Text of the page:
The global demand for power is increasing. This has caused power grids, energy resources, and the environment to face a variety of challenges that often result in high levels of pollution, greenhouse gas emissions and elevated indirect costs on society. Renewable energy is a viable option to meet the world’s ever-increasing demands for energy while combatting greenhouse gas emissions. However, employing solar and wind to generate clean energy on a utility scale doesn’t come without caveats.
Potential investors in renewable energy assets look for two things: capital cost, and return on investment (ROI). From a financing perspective, dealing with renewables can prove difficult due to their natural variability; a fluctuating income stream can make it difficult to predict the ROI. For example, if energy demand is high but there is a lack of wind at a wind farm, or cloudy weather that hinders photovoltaic panels from generating energy, local supply suffers. These inconsistencies can be intimidating to stakeholders. Conversely, renewable energy may be wasted if the highest output is produced during lowest periods of demand. Whichever the case, it is critical that stakeholders identify the proper tools to leverage the full potential of renewable assets. Having a scalable, cost-effective solution to storing power will help yield higher returns for renewable energy producers. Many stakeholders are turning to one reliable method for both generating and storing energy - hydrogen.
Hydrogen generated from renewable assets is referred to as “green hydrogen.” Green hydrogen can be generated and stored in times of low demand, and utilized in periods of peak demand. This flexibility yields predictable and consistent energy figures for stakeholders, essentially acting to fill gaps, meet supply and demand mismatch, and balance the grid. Hydrogen can be stored in high or low-pressure tanks, in large volumes, indefinitely and without any energy “leakage”, as compared to a battery. Hydrogen energy storage infrastructure is extremely scalable; it can utilize the existing natural gas grid, or even natural underground caverns. Hydrogen’s ability to store large amounts of energy for long periods of time enables seasonal energy storage, which gives it a significant advantage over battery storage. Furthermore, green hydrogen is becoming increasingly valued in the marketplace, as corporation’s search for broader solutions to meet their sustainability goals and automotive OEM’s embrace the transition to low/no carbon fuels.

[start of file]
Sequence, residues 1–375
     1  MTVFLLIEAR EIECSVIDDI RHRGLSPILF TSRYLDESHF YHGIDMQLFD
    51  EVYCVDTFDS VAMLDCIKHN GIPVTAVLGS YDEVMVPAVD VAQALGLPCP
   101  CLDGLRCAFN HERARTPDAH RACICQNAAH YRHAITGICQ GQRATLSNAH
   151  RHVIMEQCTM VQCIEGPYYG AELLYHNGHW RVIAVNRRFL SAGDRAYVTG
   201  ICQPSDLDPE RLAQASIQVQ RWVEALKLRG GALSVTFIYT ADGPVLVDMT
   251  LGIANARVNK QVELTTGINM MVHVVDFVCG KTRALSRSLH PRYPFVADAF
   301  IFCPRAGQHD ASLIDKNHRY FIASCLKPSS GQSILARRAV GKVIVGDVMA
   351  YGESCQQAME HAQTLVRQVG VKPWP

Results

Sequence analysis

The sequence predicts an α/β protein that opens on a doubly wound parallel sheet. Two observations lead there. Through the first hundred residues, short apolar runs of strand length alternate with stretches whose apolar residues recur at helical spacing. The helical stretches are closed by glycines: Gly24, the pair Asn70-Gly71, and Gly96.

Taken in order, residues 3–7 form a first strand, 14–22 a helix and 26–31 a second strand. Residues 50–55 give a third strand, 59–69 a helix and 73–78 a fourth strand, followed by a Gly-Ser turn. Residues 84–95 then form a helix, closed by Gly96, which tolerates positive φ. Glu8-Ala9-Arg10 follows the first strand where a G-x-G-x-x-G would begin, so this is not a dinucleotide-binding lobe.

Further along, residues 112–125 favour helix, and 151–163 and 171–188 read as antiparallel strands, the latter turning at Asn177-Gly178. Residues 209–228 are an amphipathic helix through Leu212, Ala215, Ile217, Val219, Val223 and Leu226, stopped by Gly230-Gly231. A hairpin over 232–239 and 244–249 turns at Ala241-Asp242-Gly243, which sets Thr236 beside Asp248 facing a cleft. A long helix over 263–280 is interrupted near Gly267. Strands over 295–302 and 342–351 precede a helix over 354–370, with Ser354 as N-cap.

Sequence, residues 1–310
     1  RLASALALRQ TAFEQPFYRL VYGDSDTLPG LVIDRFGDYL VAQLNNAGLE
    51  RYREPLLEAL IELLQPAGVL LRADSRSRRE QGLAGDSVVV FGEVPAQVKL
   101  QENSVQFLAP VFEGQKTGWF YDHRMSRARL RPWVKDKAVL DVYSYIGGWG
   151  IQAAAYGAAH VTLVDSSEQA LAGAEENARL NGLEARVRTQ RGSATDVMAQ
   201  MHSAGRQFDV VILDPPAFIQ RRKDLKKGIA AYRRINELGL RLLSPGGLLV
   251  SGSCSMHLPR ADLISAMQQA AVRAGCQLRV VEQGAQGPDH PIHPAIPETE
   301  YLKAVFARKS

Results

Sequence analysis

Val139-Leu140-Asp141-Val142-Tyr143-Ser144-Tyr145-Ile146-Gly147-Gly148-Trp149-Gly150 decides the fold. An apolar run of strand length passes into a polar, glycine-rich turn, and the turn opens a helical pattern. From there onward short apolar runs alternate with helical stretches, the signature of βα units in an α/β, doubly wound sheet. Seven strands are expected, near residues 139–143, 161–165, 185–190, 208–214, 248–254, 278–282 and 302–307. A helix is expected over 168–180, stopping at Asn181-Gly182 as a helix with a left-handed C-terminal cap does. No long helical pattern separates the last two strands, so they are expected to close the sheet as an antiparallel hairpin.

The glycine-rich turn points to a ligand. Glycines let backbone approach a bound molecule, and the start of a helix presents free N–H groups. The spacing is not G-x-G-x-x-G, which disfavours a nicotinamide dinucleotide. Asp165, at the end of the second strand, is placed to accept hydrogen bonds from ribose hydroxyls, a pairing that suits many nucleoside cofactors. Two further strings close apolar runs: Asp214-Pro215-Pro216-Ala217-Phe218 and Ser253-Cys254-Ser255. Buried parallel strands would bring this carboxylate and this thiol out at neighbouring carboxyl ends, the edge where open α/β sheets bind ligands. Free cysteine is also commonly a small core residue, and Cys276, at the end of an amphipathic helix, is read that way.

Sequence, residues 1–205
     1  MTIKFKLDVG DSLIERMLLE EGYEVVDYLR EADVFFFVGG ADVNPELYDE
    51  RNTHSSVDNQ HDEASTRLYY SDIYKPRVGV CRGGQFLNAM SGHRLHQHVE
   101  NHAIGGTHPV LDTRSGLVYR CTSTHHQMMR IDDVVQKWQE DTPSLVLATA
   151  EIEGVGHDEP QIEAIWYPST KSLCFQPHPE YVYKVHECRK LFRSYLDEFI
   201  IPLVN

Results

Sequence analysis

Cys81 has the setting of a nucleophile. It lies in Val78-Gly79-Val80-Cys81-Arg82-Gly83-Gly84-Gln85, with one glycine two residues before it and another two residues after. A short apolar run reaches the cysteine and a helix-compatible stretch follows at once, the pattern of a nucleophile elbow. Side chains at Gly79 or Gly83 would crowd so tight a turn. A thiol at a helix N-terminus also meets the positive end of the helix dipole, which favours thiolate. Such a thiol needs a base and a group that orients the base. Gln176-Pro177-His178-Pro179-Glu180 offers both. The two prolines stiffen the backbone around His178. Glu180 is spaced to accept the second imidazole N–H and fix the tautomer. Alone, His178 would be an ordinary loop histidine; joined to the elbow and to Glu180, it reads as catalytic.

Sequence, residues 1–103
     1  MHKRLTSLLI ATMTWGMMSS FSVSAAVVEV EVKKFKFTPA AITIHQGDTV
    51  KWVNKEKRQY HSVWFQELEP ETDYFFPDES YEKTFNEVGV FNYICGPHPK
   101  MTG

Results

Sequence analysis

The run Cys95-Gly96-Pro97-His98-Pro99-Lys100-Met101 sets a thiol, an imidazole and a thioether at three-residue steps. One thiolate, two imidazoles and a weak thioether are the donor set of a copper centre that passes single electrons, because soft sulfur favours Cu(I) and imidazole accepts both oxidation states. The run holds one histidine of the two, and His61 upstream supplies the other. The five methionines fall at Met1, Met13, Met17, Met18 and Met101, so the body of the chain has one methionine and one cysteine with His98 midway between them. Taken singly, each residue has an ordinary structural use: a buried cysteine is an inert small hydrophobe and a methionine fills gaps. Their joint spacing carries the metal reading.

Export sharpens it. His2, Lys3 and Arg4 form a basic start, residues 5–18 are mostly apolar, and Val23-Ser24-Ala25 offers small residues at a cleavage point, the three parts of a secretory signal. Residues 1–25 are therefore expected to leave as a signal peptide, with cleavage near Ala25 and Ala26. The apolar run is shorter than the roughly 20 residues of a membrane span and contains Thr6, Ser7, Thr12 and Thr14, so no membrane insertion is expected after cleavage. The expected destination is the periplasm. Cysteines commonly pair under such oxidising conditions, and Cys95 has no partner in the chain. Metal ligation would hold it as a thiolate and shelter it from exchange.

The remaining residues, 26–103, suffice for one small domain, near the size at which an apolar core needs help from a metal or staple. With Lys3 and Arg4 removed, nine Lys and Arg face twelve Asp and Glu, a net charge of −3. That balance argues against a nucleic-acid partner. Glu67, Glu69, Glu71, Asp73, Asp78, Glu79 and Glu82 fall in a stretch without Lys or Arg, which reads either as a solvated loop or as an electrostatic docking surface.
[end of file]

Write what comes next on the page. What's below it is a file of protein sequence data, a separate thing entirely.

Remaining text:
It’s also important to note that hydrogen energy storage costs more than 50 percent less, compared to battery storage systems - primarily due to the limited life expectancy of batteries. Additionally, batteries that cannot be recycled create other cost and pollution issues.
Three Ingredients for Hydrogen Energy Storage
Advances in hydrogen generation technology have made it possible to store renewable energy produced by wind, solar, or hydroelectric power, in the form of pressurized gas.
Energy storage is a hot topic in the renewable energy field, but batteries alone will not be a viable long-term solution for large scale energy storage. Battery energy storage can relieve smaller short-term problems in managing power supply, but there will be extended periods of high demand or low supply, where batteries cannot meet the energy requirements. Hydrogen energy storage is an excellent solution for large scale long term energy storage. This technology will not only enable more investment in renewable energy assets, but increase stakeholders’ return on investment. Hydrogen could be the key to a 100 percent green energy future.
Everett Anderson has more than 30 years of R&D experience in hydrogen and fuel cells. Currently serving as VP of Business Development, he is in charge of identifying and quantifying new opportunities in the emerging markets for hydrogen. His primary focus is on hydrogen energy applications and Proton’s M Series megawatt-scale hydrogen generator. Mr. Anderson joined Proton in 2000 and has served previous positions as Research Manager, Research Director, Director of Process and Materials Development and Vice President of Electrochemical Technology. Mr. Anderson holds a Bachelors’ Degree in Chemistry from the University of Vermont, an MBA in Management from Bentley University, and has been granted 6 U.S. patents.
Proton On Site | http://www.protononsite.com
Nel Hydrogen | http://www.nelhydrogen.com